Thankfully, she managed to run away from home, and after spending three terrifying days and nights alone and hungry in the forest, found help and protection at a police station.

I have a nine-year-old daughter myself. She is just a child. That she would marry anyone, let alone a septuagenarian with multiple wives, now or in three years’ time, is unimaginable to me. I know she wouldn’t be able to cope with the trauma of being separated from us or the trauma of being robbed of her childhood and becoming the “wife” of a grown man. I would never allow this, under any circumstances, to happen to my child. And it pains me immensely that it is still happening to countless children across Africa.

I was disgusted, and heartbroken, by the news of that 12-year-old girl being married off to an elderly man in Accra, but, to be completely honest, I was not in any way surprised.

Making brides out of small children is a shamefully widespread practice with a long history in many African countries,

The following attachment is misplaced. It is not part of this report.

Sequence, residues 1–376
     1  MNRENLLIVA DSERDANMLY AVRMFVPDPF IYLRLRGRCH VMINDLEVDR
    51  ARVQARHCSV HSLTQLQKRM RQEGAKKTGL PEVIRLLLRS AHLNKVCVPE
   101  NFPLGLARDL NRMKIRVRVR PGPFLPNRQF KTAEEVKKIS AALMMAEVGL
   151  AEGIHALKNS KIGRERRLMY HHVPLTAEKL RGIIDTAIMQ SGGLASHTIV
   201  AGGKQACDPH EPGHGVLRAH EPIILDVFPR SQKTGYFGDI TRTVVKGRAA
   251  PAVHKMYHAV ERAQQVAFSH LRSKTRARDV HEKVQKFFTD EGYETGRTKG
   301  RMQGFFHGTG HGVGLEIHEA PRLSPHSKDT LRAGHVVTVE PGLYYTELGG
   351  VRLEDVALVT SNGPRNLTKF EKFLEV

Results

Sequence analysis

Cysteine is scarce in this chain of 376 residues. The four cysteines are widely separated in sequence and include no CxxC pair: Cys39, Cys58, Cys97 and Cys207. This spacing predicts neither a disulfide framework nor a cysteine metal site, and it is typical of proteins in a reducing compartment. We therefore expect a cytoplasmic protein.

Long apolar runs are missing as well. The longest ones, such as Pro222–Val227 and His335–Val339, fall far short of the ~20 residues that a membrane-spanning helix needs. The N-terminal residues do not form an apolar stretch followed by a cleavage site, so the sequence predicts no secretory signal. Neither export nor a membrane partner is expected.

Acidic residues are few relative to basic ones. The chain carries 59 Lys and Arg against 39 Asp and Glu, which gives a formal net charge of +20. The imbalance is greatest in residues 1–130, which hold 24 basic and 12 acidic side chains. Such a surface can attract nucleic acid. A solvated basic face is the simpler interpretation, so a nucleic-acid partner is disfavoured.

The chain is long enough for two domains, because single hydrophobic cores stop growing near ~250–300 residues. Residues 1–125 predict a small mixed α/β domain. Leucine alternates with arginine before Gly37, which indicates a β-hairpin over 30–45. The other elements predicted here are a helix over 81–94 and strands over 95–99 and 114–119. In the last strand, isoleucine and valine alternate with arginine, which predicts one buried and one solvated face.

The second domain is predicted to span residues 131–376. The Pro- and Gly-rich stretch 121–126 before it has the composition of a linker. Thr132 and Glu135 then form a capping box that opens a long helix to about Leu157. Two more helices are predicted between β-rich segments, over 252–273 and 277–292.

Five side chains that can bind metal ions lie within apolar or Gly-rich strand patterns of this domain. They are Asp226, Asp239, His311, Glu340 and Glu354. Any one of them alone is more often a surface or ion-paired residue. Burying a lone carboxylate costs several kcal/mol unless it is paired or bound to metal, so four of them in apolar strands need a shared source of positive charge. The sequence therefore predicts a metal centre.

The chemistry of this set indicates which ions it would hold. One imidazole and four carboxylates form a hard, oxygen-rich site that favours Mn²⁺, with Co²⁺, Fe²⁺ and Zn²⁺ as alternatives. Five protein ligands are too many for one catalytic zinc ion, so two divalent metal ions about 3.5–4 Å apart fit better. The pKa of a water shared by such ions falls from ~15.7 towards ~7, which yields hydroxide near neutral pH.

A long time ago, my own family was offered a child bride as compensation for my grandfather’s murder. He was murdered by a group of men one ill-fated evening on his way home from Watsomba, a shopping centre in rural Manicaland in eastern Zimbabwe.

Years later, the relatives of his killers offered us a young girl as compensation for his violent and untimely death.

Fortunately, our family elders refused to accept their immoral offer.

If not, that young girl’s life would have been completely ruined, and my relatives and I would be forever overwhelmed with immense shame and guilt.

Sadly, the practice of “girl child compensation” has persisted in many parts of Africa, despite many efforts to stamp it out.